Documentation

1 Getting Started
2 Design Overview
3 Page Controller Boot Process
4 Your First App
5 Page Controller
6 Modules
7 Components
8 jqcEmpty
9 jqcLabel
10 jqcButton
11 jqcLayer
12 jqcPanelDeck
13 jqcAccordion
14 jqcProgressBar
15 Data Binding & Remote Data Synchronization
16 jqcDataService
17 jqcDataModel
18 jqcViewModel
19 jqcList
20 jqcTable
21 jqcForm
22 jqcResponsiveLayoutManager
23 jqcTreeList
24 Demos

Components


This document matches version 1.6.0 .

Components are reusable pieces of code. Components typically has application independent functionality, but components can also be used for application specific functionality in the situations where that makes sense. For instance, a remote data service could be implemented as a component instead of included as part of a module.

Components can be both visual (like GUI components normally are), or non-visual (like a remote data service or a timer component). There are no strict rules for what can and cannot be in a component, but as mentioned earlier their intention is to contain reusable code - either across applications, or within the same application. Additionally, jqComponents has a built-in set of components which you can reuse across your applications so you don't have to code everything yourself.

Adding Components to the Page Controller

Adding components to the page controller is covered detail in the text about the page controller. This text will briefly repeat the basics though.

You add components to the page controller by inserting the jqc-type attribute into the HTML element you want the component to be associated with. Here is an example:

<span id="theLabel" jqc-type="jqcLabel"></span>

The page controller will scan the page for HTML elements with the jqc-type attribute during its boot process, and instantiate the corresponding components and attach the HTML elements to the components.

Creating Custom Components

As mentioned earlier, jqComponents has its own set of built-in components you can use. If you cannot find a component that fits your needs, you can implement a component yourself.

If you want the page controller to be able to instantiate the component for you, you need to register a component factory for your custom component type. The component type is what is specified inside the jqc-type attribute in the HTML elements that have components associated with them.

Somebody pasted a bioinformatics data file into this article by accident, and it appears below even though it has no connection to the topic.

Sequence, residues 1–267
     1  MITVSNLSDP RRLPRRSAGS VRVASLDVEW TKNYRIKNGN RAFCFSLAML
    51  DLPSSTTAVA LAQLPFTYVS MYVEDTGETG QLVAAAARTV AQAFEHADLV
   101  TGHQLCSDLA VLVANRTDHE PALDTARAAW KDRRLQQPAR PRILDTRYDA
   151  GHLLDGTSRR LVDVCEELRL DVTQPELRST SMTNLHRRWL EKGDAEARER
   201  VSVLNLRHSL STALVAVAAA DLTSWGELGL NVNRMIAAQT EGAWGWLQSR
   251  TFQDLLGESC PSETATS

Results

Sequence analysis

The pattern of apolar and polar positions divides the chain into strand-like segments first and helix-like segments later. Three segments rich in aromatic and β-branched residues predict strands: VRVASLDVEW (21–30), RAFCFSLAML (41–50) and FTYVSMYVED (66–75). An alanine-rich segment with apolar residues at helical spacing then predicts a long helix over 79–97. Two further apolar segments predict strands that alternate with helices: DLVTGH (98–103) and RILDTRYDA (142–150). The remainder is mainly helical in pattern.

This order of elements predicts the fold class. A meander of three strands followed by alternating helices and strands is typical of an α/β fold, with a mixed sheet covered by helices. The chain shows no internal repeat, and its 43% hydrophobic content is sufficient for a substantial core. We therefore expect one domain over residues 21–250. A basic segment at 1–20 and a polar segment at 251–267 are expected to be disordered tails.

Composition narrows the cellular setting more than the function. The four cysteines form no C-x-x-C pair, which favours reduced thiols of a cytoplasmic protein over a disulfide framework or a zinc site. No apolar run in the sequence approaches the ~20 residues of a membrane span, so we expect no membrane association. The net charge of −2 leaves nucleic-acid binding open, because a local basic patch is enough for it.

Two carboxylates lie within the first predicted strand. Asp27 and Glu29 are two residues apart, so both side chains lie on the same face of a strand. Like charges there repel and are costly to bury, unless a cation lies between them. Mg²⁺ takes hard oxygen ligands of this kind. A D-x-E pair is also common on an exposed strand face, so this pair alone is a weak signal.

From version 1.4.0 you can use a span element with the attribute jqc-factory to declare a component factory. Here is an example:

<span jqc-factory="xyzImageSlider"></span>

<script>

function xyzImageSlider() {

    var component = {};

    component.render = function() {
        //render the image slider
    }

    return component;
}
</script>

The page controller will scan the page for HTML elements with a jqc-factory attribute when it boots, and registers the declared component factories.

Once a factory function for a component type is registered you can refer to that type inside the jqc-type attribute of an HTML element, just like with the built-in components. Here is an example that refers to the xyzImageSlider above:

<div jqc-type="xyzImageSlider"></div>

You can also add the component factory inside the postRegister() function of a module. The postRegister() function on modules are called right after the page controller is done registering its own built-in factories, and before any components are yet instantiated. Here is how you would plug the above component factory into the page controller from the postRegister() function of a module:


<span jqc-module="myModule" ></span>

<script>
    function myModule() {
        var module = {};

        module.postRegister = function() {
            module.jqc.pageController.addFactory("xyzImageSlider",
                function() {  return xyzImageSlider(); }
            );
        }

        return module;
    }
</script>

<script>
    function xyzImageSlider() {

        var component = {};

        component.render = function() {
            //render the image slider
        }

        return component;
    }

</script>

Actually, this statement:

module.jqc.pageController.addFactory("xyzImageSlider",
    function() {  return xyzImageSlider(); }
);

Could be reduced a bit to this:

module.jqc.pageController.addFactory("xyzImageSlider", xyzImageSlider );

However, if for some reason the xyzImageSlider function is not present in the HTML page, the second version will make your code fail when the browser tries to interpret it, whereas the first version only fails if the page controller actually tries to create an xyzImageSlider component (if it invokes the factory function).